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Bengal uses half of rural water funds, rest even less

Last updated on: February 21, 2011 10:56 IST

Bengal uses half of rural water funds, rest even less

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Santosh Tiwari in New Delhi

There is one area in which West Bengal has come out on top: Utilisation of funds under the National Rural Drinking Water Programme, or NRDWP.

The state has spent about half the sum of its allocation (Rs 418.03 crore or Rs 4.18 billion) and opening balance (Rs 47.34 crore or Rs 473.4 million).

The allocation for the programme was raised from Rs 5,800 crore (Rs 58 billion) in 2009-10 (revised estimates) to Rs 8,550 crore (Rs 85.5 billion) in the current financial year.

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Image: Residents of a slum stand with empty water containers at a roadside in Kolkata.
Photographs: Parth Sanyal/Reuters
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Bengal uses half of rural water funds, rest even less

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However, the total money spent by all the states this financial year till November was Rs 3,820.21 crore (Rs 38.2 billion), which is 34 per cent of the sum of the allocation for the full year and the opening balance (Rs 2,712.91 crore or Rs 27.12 billion).

NRDWP, a component of Bharat Nirman, is one of the flagship schemes of this United Progressive Alliance government, which swears by the common man.

It is designed to provide safe drinking water to every household in the rural areas, while ensuring convergence with related programmes and involvement of the Panchayati Raj institutions.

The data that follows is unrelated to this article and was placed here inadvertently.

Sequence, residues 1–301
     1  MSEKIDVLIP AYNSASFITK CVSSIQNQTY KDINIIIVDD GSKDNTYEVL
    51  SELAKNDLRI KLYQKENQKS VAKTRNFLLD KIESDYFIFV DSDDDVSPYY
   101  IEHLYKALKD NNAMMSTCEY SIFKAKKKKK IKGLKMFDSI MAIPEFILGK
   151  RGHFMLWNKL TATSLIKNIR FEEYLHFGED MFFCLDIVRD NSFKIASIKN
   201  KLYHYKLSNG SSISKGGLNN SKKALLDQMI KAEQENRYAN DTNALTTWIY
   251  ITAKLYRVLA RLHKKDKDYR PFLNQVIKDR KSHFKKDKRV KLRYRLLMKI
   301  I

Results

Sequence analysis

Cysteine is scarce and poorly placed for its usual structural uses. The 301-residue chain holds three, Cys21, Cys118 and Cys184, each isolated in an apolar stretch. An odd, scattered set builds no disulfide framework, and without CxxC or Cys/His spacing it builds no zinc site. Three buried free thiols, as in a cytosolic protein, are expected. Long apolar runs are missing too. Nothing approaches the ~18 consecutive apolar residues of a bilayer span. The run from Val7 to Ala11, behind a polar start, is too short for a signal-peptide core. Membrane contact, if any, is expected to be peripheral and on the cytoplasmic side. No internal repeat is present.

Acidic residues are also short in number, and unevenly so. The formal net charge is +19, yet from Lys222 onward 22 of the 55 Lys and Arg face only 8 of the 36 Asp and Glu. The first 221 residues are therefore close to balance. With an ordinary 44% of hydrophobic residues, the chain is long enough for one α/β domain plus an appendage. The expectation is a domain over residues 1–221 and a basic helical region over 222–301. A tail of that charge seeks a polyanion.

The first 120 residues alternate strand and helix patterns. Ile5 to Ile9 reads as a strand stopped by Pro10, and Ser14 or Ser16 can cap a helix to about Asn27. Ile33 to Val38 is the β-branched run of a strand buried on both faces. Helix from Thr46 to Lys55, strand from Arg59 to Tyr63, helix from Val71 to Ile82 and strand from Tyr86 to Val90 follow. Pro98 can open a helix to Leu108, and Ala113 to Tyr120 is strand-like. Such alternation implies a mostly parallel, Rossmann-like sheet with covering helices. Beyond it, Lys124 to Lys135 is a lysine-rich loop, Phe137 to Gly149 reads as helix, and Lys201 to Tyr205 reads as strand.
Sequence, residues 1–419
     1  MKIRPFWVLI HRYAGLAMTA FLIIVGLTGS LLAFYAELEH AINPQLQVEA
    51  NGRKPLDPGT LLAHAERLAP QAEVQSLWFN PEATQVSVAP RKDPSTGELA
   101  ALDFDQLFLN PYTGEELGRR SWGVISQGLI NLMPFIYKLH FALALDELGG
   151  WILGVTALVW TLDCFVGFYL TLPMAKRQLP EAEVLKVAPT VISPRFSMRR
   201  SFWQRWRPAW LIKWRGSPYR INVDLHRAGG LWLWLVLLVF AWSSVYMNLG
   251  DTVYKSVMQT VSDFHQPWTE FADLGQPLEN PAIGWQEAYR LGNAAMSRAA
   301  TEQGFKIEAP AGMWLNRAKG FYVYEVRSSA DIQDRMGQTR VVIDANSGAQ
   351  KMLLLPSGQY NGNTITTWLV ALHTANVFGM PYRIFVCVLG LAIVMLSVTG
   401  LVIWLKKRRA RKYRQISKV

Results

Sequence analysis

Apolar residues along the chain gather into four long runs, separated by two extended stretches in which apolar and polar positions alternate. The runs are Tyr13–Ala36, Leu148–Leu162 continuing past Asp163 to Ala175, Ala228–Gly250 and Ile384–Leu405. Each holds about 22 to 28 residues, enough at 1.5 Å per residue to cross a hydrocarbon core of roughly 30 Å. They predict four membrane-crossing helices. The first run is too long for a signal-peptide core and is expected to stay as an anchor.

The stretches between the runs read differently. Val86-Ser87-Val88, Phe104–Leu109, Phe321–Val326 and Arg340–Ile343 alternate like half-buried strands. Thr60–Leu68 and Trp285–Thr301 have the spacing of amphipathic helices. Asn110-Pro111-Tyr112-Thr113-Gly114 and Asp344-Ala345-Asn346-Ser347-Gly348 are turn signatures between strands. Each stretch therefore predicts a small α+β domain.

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Image: A girl carries water in a slum area next to the Union Carbide Corp pesticide plant in Bhopal.
Photographs: Reinhard Krause/Reuters
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Bengal uses half of rural water funds, rest even less

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According to the latest figures, which cover the year up to November, the states which have spent more than 30 per cent are Andhra Pradesh, Arunachal Pradesh, Assam, Gujarat, Himachal Pradesh, Jammu & Kashmir, Kerala, Madhya Pradesh, Maharashtra, Meghalaya, Mizoram, Orissa, Punjab, Rajasthan, Sikkim, Tamil Nadu, Tripura and Uttar Pradesh. Among those which have spent less than 30 per cent are Bihar, Chhattisgarh, Haryana, Jharkhand, Karnataka, Nagaland, and Uttarakhand. Delhi, Goa and Chandigarh have not utilised any.

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Image: Women waiting for a water tanker in a Mumbai suburb.
Photographs: Reuters
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Bengal uses half of rural water funds, rest even less

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In terms of the coverage of rural habitations with drinking water supply, only Maharashtra and Himachal Pradesh covered more than 50 per cent of the target. Assam, Gujarat, Jammu & Kashmir, Madhya Pradesh, Nagaland, Orissa, Sikkim Tamil Nadu, Uttar Pradesh, Uttarakhand and West Bengal have utilised 30-50 per cent of the funds. The states with below 30 per cent include Andhra Pradesh, Arunachal Pradesh, Bihar, Chhattisgarh, Haryana, Jharkhand, Karnataka, Kerala, Manipur, Meghalaya, Mizoram, Punjab, Rajasthan and Tripura.

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Image: A child drinks water at a flood relief camp in Araria district town in Bihar.
Photographs: Rupak De Chowdhuri/Reuters
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Bengal uses half of rural water funds, rest even less

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Under the Jalmani programme of water purification systems in rural schools, which was launched in 2008-09, the government has released Rs 200 crore (Rs 2 billion) so far for covering 100,000 schools. Karnataka alone has met its target.

Not surprisingly, the Union government has asked the states to hold meetings of their water and sanitation missions every six months and also discuss convergence of safe drinking water, good sanitation, nutrition, health and hygiene.


Image: Torsha, a four-year-old orphan elephant drinks water in Jaldapara Wildlife Sanctuary.
Photographs: Rupak De Chowdhuri/Reuters
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